Over 20 years ago, we changed our organization’s name by adding the word “International” to the title.
This was done to reflect what we witnessed as the natural expansion of our academy beyond the shores of North America into the other continents. Our members in Europe had formed the EuroCHRIE Federation. Our members in Asia soon followed suit to create the APacCHRIE Federation.
Our acronym morphed from CHRIE to ICHRIE, enabling us to maintain our traditional identity while embracing our widening net of membership.
The question for many of us today is wondering how that internationalization is showing up within our organization?
Currently, our membership distribution is about 72% in the Americas, 15% in EuroCHRIE, and 13% in APacCHRIE. With that dominance of membership in the Americas, I can certainly understand why our colleagues in Europe, Asia, and Africa might feel it – and be negatively impacted.
As I have traveled to conferences and met with colleagues in both international and domestic venues, I have heard a constant refrain of wanting ICHRIE to be an international organization. We regularly do confirm to one another that we want our academy to reflect the worldwide nature of the hospitality and tourism industries that we study and represent in our classrooms. Thus, it appears that the spirit of internationalism is embraced within our organization.
Our membership distribution is about 72% in the Americas, 15% in EuroCHRIE, and 13% in APacCHRIE.
But where is the resounding evidence of it? Let’s explore this.
We have had a number of European and Asian members in the senior leadership roles of our organization. Three EuroCHRIE members and one APacCHRIE member currently serve on the ICHRIE board of directors: Chrystel Masdupuy, EuroCHRIE president (from France), Anders Justenlund, Director of Marketing (from Denmark), Ralf Burbach, Director of Networking (from Ireland) and Pearl Lim, APacCHRIE president (from Taiwan).
We’ve had no less than four ICHRIE presidents from EuroCHRIE: Rai Shacklock (2003-2004/UK), Peter Jones (2007-2008/UK), Susan Fournier (2012-2013/Switzerland), and Maureen Brookes (2016-2017/UK). Additionally, Bill Samenfink was ICHRIE president (2009-2010/NENA), and as a founding member of the EuroCHRIE Federation and an active member of their federation board, brought his international experience to the organization. Sadly, we have not yet had an ICHRIE president from APacCHRIE.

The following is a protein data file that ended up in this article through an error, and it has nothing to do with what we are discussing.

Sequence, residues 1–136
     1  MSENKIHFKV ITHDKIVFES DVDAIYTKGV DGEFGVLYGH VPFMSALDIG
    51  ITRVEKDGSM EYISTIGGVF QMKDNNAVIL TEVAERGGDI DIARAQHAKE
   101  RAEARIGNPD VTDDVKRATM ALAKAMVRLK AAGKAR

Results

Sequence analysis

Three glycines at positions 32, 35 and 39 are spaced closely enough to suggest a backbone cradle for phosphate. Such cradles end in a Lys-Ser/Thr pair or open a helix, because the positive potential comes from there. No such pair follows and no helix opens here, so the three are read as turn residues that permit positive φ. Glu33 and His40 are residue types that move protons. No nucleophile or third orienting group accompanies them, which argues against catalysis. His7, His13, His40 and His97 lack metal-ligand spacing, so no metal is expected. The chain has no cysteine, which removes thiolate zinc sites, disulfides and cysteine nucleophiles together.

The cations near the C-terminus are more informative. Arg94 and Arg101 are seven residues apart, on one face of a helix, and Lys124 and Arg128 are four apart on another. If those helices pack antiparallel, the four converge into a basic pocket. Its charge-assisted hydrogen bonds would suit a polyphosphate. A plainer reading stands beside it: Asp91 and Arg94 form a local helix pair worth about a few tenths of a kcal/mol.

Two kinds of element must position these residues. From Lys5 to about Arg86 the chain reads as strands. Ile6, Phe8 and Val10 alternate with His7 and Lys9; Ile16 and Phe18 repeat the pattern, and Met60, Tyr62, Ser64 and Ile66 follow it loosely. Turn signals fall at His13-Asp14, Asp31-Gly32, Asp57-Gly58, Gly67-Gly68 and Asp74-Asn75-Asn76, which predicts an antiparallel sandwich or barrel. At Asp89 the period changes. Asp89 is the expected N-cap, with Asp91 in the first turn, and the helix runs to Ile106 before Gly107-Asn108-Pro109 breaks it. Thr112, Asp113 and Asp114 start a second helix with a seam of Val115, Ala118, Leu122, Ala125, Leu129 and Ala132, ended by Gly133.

But beyond this senior leadership representation, where else does the international influence appear?
The ICHRIE board of directors implemented an organizational design policy of required federation representation in both board and committee membership. This helps to give a voice to all federations, both domestic and international, at many levels. Each federation president has an automatic seat on the ICHRIE board of directors. The policy also applies to virtually every ICHRIE standing committee. For example, the federation directors of education automatically serve on the ICHRIE education committee. The federation directors of marketing serve on the ICHRIE marketing committee. The federation immediate past presidents serve on the nominating and awards committees, ensuring broad representation. ESD has a board position for each federation. Etc. Thus, there is an international influence within every single ICHRIE committee. This structural design of integrating federation roles into ICHRIE activity helps to ensure that our member representatives from all continents can have a voice in the initiatives and decisions of ICHRIE.
The six federations now offer annual conferences. Adding the summer ICHRIE conference to the list, that’s seven conferences that our members can typically choose among. The 2018 EuroCHRIE conference in Dublin, Ireland, reportedly had 300+ delegates, of which more than 100 members were from the Americas. The 2019 joint APacCHRIE-EuroCHRIE conference in Hong Kong reportedly had 500+ participants, of which 100+ were from the Americas. That’s a strong showing of international engagement among our members. Unfortunately, the four US-based federations haven’t seen similar numbers of international delegates for their conferences. However, as the strength and reputation of the US-based federation conferences grows, perhaps we will see more member participation from other federations in the future.
Where next for the organization?
With these efforts in place, it can be seen that the organization has taken significant steps to internationalize ICHRIE. The question is how can we enhance those efforts so that we can vibrantly experience the international dimensions of our organization. And how do we mitigate the dominance of the US-based federations that our Asian and European members feel. These are challenges that we continue to face.
Your suggestions to help are welcomed
Please share any ideas that you have with our ICHRIE board of directors by writing to email@example.com.